Study Says Cool Kids At School Turned Out To Be Losers In Later Life
The Debrief: In the words of Jessie J (sorry) 'Who's laughing now'?
Cast your mind back to the common room/playground/cafeteria situation at your dismal British secondary school. Was it ruled by a scary gang of girls with slicked back ponytails and drawstring Nike bags?
Or was it a UK version of the ‘Plastics’, with their Topshop denim jackets, ghd straightened hair, high-heeled Dolcis school shoes (that were NOT Clarks bootleg ones your mum made you wear because they were ‘good for growing feet’) and push-up bras from La Senza because they had ACTUAL BOOBS?!
Whoever made up the ‘cool kids’ in your school, there’s no doubt that when you were a teenager, you thought you’d never be as popular as them or have as much school cred – unless you were one of those girls yourself, in which case, yay for you (and I was really jealous of your Morgan tote bag).
But a recent US study – where, if high school movies are to be believed, have a way worse clique problem/more rigid social pecking order – has suggested that if you were a popular kid at school, there’s a high chance life won’t be going so great by the time you hit your twenties.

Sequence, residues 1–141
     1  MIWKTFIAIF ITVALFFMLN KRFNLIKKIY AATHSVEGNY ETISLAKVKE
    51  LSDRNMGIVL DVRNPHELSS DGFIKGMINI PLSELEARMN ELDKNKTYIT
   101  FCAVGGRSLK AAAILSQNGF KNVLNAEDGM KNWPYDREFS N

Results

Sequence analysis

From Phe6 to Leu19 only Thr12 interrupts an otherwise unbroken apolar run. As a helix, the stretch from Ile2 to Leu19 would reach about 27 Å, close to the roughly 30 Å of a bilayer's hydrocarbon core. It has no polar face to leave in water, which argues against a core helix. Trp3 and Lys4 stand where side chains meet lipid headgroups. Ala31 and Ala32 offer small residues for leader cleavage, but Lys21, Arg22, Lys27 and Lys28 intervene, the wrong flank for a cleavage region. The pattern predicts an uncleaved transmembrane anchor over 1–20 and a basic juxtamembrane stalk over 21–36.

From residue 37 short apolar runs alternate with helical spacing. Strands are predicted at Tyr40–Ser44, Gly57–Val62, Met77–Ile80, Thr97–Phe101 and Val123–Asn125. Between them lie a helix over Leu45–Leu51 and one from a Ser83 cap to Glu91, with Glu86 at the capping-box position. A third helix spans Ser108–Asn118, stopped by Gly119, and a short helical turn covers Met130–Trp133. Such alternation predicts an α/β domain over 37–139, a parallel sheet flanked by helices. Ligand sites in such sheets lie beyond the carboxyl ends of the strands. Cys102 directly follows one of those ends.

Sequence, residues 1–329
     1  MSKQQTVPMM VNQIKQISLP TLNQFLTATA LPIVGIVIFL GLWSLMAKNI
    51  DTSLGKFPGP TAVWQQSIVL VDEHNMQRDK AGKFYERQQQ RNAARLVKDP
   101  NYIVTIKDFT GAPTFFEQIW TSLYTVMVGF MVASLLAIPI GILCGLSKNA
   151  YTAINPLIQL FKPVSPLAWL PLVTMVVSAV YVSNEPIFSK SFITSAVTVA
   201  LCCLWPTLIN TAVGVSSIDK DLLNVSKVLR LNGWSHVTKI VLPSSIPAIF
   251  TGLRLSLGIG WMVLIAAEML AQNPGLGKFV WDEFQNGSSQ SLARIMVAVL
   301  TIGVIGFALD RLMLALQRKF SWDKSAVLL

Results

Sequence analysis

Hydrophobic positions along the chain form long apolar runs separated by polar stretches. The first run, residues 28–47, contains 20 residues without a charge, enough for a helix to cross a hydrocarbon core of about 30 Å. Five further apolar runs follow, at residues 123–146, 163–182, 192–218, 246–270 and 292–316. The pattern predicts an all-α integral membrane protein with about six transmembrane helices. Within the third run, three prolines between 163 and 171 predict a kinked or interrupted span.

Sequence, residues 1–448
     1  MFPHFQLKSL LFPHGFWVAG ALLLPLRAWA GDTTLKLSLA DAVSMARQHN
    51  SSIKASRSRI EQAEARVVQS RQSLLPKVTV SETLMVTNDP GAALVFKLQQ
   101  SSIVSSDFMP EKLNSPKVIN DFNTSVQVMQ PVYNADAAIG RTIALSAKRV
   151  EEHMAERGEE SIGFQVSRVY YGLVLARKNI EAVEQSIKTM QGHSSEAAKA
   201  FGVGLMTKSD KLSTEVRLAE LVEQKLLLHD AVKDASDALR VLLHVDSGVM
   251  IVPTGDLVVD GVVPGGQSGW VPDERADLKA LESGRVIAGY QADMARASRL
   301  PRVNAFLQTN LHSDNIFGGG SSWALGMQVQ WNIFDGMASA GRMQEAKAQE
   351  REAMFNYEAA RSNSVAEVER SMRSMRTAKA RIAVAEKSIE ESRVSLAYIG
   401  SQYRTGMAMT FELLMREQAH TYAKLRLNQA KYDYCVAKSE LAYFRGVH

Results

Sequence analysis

The study, called What Happened To The Cool Kids, was published in the journal Child Development by researchers from the University of Virgina. It looked at 180 American teenagers over 10 years, following them from the age of 13. The results suggest that those who were popular during their younger years had a higher risk of developing problems such as drug and alcohol abuse, and being involved in crime.
Professor Joseph Allen, professor of psychology at the University of Virgina, said, ‘It appears that while so-called cool teens’ behaviour might have been linked to early popularity, over time, these teens needed more and more extreme behaviours to try to appear cool, at least to a sub-group of other teens.
‘So they became involved in more serious criminal behaviour and alcohol and drug use as adolescence progressed. These previously cool teens appeared less competent – socially and otherwise – than their less cool peers by the time they reached young adulthood.’
This Revenge of the Nerds-esque study is interesting, but I feel kind of uneasy taking comfort from wishing bad vibes on my former classmates. I was one of those ‘uncool kids’ at school, but I made awesome friends during those years who I’m still amazingly close to today – and that makes me feel better than knowing that bitch Shazza from Year 10 is now a bit of a loser.
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